Social dancing class on Saturday nights struck terror in our 13-year-old hearts. To our young minds, it seemed more like boot camp. But we had all been convinced by our mothers that every civilized young lady and young gentleman must learn social graces, and this included dancing.
When we were all assembled in the community room of the local church - the girls in one group and the boys huddled together in another, as far away as they could get - Miss Burns, our intrepid instructor, would click her castanets and we'd come to attention.
After a brief ''Good evening,'' Miss Burns would explain a dance step like the waltz or fox trot, choose a reluctant lad as her partner, then whirl around on the dance floor as the faithful accompanist played loudly on the upright piano. It always seemed that Miss Burns was leading and the boy was hanging on for dear life.
There we were, the girls in taffeta and velveteen party dresses, and the boys with their hair slicked down in starched white shirts, ties, and navy suits. We all wore white cotton gloves, which was good because it helped dry, somewhat, our sweaty hands.
Then Miss Burns would click her castanets and bark out the order: ''Boys, choose your partners and dance!'' Looking like wind-up stick figures, we would lope, stumble, and lurch around that dance floor, elbows flying, heads bobbing with grim determination.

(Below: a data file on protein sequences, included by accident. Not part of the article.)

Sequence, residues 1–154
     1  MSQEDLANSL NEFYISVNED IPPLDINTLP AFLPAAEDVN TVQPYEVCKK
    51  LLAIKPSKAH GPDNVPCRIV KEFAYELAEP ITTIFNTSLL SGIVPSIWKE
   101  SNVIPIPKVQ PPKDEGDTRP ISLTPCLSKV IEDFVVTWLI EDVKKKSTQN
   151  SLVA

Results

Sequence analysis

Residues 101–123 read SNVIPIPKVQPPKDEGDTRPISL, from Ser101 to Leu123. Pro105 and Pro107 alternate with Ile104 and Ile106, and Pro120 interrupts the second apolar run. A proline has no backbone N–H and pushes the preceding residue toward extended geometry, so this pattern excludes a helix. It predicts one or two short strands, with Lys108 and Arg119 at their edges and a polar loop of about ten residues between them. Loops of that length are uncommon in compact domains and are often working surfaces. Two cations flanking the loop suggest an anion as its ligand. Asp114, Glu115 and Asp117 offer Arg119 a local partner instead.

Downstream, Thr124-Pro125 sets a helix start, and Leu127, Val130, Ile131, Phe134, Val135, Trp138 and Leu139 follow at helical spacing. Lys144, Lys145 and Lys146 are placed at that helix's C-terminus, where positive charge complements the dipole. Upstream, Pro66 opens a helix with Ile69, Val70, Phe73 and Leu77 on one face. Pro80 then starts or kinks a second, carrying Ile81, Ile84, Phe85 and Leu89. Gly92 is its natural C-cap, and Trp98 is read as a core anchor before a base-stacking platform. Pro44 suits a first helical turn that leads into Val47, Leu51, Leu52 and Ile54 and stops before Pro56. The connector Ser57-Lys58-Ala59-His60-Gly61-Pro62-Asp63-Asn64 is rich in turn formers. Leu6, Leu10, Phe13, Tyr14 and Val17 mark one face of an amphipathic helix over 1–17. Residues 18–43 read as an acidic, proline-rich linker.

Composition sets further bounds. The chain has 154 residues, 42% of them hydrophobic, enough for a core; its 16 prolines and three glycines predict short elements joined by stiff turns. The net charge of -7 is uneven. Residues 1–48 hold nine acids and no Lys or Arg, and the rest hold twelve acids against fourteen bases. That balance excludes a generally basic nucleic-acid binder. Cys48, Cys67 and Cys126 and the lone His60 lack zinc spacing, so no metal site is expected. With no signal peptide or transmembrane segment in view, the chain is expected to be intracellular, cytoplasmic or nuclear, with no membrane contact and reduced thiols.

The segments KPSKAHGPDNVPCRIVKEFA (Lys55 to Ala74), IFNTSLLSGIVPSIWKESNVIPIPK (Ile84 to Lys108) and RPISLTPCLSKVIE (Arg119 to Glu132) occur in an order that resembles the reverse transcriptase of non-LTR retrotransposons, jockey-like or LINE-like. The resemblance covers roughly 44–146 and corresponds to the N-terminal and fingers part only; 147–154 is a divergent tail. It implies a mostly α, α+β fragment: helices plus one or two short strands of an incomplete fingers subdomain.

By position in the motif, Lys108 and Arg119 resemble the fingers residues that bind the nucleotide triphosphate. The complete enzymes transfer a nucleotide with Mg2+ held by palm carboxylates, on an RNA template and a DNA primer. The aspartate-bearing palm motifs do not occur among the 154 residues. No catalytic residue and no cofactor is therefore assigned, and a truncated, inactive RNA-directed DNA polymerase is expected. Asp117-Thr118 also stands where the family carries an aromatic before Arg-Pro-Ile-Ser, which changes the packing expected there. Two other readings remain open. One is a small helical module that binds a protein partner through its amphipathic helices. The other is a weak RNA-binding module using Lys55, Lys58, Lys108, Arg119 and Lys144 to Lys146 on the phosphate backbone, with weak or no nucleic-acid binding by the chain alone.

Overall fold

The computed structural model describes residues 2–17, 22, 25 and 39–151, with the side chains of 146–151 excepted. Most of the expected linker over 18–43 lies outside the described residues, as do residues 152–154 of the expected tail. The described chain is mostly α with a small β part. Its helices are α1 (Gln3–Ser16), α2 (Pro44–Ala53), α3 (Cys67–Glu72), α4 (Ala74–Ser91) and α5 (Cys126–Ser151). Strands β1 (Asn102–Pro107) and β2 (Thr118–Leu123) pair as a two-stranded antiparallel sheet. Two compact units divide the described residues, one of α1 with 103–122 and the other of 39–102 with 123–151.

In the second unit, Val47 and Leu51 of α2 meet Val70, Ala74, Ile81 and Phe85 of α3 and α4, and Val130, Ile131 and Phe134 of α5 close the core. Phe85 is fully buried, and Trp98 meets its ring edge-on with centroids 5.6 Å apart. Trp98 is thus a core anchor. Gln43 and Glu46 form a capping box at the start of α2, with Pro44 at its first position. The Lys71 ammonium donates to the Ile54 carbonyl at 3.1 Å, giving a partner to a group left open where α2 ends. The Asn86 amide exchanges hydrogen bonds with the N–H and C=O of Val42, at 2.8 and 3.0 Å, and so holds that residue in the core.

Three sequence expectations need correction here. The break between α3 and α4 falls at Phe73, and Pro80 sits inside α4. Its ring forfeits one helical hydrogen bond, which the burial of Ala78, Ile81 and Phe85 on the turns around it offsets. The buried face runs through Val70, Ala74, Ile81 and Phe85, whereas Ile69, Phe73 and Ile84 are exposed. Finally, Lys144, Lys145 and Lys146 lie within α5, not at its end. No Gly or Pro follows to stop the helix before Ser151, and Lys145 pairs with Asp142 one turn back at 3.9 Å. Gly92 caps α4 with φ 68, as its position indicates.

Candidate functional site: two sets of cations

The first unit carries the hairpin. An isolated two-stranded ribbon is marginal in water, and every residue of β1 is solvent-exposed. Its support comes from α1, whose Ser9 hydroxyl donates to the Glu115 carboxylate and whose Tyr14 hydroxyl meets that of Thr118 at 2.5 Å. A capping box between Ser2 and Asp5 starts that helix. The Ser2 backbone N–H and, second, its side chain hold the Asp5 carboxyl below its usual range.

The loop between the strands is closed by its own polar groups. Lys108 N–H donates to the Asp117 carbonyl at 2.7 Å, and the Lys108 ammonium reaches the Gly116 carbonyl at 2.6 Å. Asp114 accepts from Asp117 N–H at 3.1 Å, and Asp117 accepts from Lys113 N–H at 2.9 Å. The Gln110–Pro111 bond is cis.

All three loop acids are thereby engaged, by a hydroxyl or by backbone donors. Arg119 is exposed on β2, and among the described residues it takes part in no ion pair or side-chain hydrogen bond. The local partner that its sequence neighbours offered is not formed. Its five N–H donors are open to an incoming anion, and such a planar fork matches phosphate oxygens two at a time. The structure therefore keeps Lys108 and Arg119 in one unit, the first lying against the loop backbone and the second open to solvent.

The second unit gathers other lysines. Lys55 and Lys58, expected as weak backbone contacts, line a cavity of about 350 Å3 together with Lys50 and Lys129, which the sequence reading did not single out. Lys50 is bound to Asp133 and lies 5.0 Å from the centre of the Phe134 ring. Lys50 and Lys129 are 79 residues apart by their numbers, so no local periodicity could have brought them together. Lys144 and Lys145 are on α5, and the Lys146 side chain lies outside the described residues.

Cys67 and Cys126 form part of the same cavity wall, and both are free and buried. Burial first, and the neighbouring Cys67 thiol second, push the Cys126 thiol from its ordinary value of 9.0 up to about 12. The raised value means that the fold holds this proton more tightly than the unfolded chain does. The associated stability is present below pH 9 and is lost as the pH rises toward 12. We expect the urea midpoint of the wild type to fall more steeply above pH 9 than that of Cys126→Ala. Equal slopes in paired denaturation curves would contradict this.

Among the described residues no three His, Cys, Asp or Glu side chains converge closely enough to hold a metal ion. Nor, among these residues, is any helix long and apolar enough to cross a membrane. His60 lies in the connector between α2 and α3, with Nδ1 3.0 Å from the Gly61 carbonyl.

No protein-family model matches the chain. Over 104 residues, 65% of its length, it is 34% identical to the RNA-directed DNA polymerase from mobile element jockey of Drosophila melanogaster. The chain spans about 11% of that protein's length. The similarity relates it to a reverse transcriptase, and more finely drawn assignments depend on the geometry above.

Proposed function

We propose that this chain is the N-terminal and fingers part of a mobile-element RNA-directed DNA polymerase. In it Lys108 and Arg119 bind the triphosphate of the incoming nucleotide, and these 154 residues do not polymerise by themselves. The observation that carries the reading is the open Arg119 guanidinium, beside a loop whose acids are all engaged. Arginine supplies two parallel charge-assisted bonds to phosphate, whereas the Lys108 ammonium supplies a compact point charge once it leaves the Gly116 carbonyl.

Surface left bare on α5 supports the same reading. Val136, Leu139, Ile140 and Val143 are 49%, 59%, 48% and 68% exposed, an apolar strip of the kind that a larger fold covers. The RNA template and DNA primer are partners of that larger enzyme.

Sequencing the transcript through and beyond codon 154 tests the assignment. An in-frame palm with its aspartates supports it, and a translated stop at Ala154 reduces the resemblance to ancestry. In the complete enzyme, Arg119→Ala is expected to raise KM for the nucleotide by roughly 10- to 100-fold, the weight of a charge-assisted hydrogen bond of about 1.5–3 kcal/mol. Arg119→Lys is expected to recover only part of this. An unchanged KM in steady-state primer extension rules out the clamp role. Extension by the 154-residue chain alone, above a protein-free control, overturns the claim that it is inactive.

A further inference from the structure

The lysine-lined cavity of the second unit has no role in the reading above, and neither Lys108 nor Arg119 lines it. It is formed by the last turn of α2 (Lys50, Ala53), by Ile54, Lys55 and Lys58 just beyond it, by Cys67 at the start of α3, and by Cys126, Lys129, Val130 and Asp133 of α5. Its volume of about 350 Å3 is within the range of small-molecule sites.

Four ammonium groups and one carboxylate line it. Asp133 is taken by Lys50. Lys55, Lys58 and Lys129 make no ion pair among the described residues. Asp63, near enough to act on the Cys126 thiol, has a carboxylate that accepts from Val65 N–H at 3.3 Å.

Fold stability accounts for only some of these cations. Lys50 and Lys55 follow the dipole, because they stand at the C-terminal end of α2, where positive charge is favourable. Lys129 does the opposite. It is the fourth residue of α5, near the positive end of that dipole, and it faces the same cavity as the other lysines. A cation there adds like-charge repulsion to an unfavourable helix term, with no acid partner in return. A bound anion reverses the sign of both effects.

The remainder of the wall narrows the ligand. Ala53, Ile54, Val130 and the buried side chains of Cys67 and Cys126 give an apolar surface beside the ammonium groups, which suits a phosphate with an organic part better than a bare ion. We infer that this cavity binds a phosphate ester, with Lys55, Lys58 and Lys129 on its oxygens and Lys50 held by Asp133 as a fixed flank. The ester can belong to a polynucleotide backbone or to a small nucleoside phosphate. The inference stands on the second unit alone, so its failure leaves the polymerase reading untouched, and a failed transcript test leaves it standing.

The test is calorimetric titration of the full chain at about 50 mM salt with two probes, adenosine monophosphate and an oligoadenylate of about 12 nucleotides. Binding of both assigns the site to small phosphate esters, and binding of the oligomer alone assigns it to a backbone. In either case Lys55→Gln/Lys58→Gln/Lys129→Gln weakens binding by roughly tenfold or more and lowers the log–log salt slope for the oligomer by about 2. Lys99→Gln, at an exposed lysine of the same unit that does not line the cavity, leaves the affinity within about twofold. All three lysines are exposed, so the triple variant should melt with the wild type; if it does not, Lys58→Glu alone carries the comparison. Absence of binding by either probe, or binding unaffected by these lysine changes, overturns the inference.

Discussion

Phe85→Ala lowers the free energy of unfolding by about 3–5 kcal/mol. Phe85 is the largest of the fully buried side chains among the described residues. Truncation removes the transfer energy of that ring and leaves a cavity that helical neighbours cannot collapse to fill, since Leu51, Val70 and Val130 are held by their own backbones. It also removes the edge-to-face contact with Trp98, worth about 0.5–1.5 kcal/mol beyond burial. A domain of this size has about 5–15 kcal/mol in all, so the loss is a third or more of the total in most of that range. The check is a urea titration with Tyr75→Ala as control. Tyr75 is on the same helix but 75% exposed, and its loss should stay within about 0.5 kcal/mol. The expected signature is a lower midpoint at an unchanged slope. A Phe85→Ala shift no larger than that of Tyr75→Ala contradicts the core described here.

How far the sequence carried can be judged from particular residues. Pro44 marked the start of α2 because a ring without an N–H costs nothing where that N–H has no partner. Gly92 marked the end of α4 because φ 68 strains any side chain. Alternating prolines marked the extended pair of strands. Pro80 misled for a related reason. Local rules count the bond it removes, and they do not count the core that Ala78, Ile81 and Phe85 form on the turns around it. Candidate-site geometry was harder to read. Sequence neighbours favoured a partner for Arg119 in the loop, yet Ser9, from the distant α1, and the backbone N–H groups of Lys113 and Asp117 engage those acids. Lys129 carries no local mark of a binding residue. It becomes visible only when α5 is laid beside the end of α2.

If your partner was shorter than you, (which happened quite often), you'd awkwardly place your hand on his shoulder, six inches below your own. You'd try to look nonchalant as you bobbed about with never a word passing between you. Just labored, heavy breathing, an occasional grunt, or a stifled giggle. Mercifully, the music would stop and the dance was over.
On the occasions when there were more girls than boys (quite often, it seemed to me), the girls had to dance with Miss Burns! Oh, horrors!
The evening ended with punch and cookies. Breathing became more normal, and we relaxed a little. There was even some conversation.
Two years we ''suffered'' through the agony of social dancing and never stopped to think we had been getting the rudiments of social etiquette - and could now have some fun.
Soon we left Miss Burns and the community room behind and moved on to a more exciting era. Our hometown, New Rochelle, NY, was a short drive from Long Island Sound. There, all the big bands - Tommy Dorsey, Glenn Miller, Artie Shaw - played each summer. The click of the castanets gave way to the deafening drumbeat of Gene Krupa in Benny Goodman's band.
We danced away the summers - cheek-to-cheek when the music was romantic, jitterbugging, or doing a dance called ''The Westchester,'' which included ''spieling'': You and your partner turned round and round as you traveled across the dance floor, often bumping into other partners who were doing the same step. It never mattered.
Now, eons later, my husband and I watch the Lawrence Welk TV show on Saturday nights, dipping, twirling, and fox-trotting in our small kitchen.